Declare state of emergency on rapes, Bauchi CSOs urge lawmakers





A Coalition of Civil Society Organizations in  Bauchi state has called on lawmakers in the federal and state house of assembly to push for a motion on the floor of the house, for the declaration of a state of emergency on sexual and gender violence in the country.


Speaking on behalf of the Coalition on Friday at the state Secretariat during a peaceful protest against rape cases in the country, the Executive Director of Attah Sisters Helping Hands Foundation ASHH, Mrs Comfort Attah, said that the  escalating reports of violence against women and girls in Bauchi state and the nation at large has become a source of concern to all stakeholders in the country.


She said that since the outbreak of the COVID 19 pandemic alone, the number of calls from service providers on violence against women and girls has been on an increase in Bauchi state, adding that the service providers could not assist the victims because they were trapped in thier houses with thier abusers because of lack of access to phones or transportation.


“In the past one week alone, a 16 year old girl was abducted and ganged raped in Bauchi state.Again, Uwa was raped and killed in a church in Benin state while Tina was shot dead in Lagos state.Another 12 year old girl was raped in Jigawa state.Barakat was raped and stabbed to death as these are the only few reported in the news.We need justice and a declaration of a state of emergency.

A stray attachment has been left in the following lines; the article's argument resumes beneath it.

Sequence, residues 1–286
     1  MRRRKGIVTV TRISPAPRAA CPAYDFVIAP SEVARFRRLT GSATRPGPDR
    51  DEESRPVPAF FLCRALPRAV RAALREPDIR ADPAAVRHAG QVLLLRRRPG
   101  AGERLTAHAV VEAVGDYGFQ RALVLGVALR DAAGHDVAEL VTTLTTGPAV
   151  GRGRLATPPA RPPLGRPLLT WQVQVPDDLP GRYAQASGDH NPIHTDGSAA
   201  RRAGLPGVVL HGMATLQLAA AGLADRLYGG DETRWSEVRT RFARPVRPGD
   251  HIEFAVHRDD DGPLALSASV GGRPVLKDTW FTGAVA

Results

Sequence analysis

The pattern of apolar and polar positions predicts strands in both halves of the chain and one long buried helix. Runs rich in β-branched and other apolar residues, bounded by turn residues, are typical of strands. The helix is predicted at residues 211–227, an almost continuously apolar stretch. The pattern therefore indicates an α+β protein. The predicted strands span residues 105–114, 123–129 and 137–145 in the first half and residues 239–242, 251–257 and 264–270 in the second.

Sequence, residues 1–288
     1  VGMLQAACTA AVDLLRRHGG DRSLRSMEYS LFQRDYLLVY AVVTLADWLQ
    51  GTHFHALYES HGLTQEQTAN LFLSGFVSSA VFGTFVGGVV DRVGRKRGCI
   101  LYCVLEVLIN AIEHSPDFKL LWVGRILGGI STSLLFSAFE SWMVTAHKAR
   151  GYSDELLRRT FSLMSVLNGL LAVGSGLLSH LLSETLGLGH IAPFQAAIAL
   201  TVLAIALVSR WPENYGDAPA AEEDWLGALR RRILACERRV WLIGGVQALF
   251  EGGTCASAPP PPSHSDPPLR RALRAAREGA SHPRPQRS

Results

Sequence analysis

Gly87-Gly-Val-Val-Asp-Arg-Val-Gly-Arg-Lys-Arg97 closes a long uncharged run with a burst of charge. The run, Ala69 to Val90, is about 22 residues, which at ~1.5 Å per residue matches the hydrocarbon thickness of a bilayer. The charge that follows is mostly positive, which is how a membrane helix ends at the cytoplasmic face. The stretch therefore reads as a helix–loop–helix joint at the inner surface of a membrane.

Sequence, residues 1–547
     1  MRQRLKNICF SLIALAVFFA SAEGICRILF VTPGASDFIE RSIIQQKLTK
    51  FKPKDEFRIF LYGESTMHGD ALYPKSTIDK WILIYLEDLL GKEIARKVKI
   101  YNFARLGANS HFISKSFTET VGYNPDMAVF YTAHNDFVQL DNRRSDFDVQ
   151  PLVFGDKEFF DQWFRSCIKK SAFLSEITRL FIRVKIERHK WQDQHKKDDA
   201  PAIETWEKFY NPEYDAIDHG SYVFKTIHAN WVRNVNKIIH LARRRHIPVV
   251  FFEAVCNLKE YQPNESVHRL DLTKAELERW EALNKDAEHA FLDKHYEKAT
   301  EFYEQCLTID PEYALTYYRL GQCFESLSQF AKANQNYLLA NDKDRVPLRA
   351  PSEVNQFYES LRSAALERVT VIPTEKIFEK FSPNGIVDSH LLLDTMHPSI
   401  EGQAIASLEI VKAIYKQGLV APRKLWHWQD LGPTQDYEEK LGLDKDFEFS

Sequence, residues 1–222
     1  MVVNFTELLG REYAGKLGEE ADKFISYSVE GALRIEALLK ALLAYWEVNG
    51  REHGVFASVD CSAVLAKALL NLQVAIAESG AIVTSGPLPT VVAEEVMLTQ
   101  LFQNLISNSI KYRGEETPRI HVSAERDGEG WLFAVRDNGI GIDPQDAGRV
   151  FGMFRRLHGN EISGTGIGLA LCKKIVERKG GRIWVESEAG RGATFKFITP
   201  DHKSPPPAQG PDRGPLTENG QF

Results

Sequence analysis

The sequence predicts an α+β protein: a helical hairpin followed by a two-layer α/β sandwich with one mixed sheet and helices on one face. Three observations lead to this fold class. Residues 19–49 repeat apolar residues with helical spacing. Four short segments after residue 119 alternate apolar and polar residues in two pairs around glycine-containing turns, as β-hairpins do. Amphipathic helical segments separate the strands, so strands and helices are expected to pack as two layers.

“In Nigeria, one in four girls will be sexually assaulted before the age of 18.According to news reports, there have been only 65 rape convictions between 1973 and 2019.In many cases, the security settle the cases as household or family matters.More than half of women in Nigerians who have experienced sexual and physical violence have never sought help to stop the violence” she said


She noted before the COVID 19 crisis, the national data from 2018, showed an increase in the percentage of women who experienced physical violence since the age of 18, from 11% in 2013 to 14% in 2018, adding that there is a continuous increase in the number of cases due to blaming of victims, lack of access to medical services and lack of access to justice.

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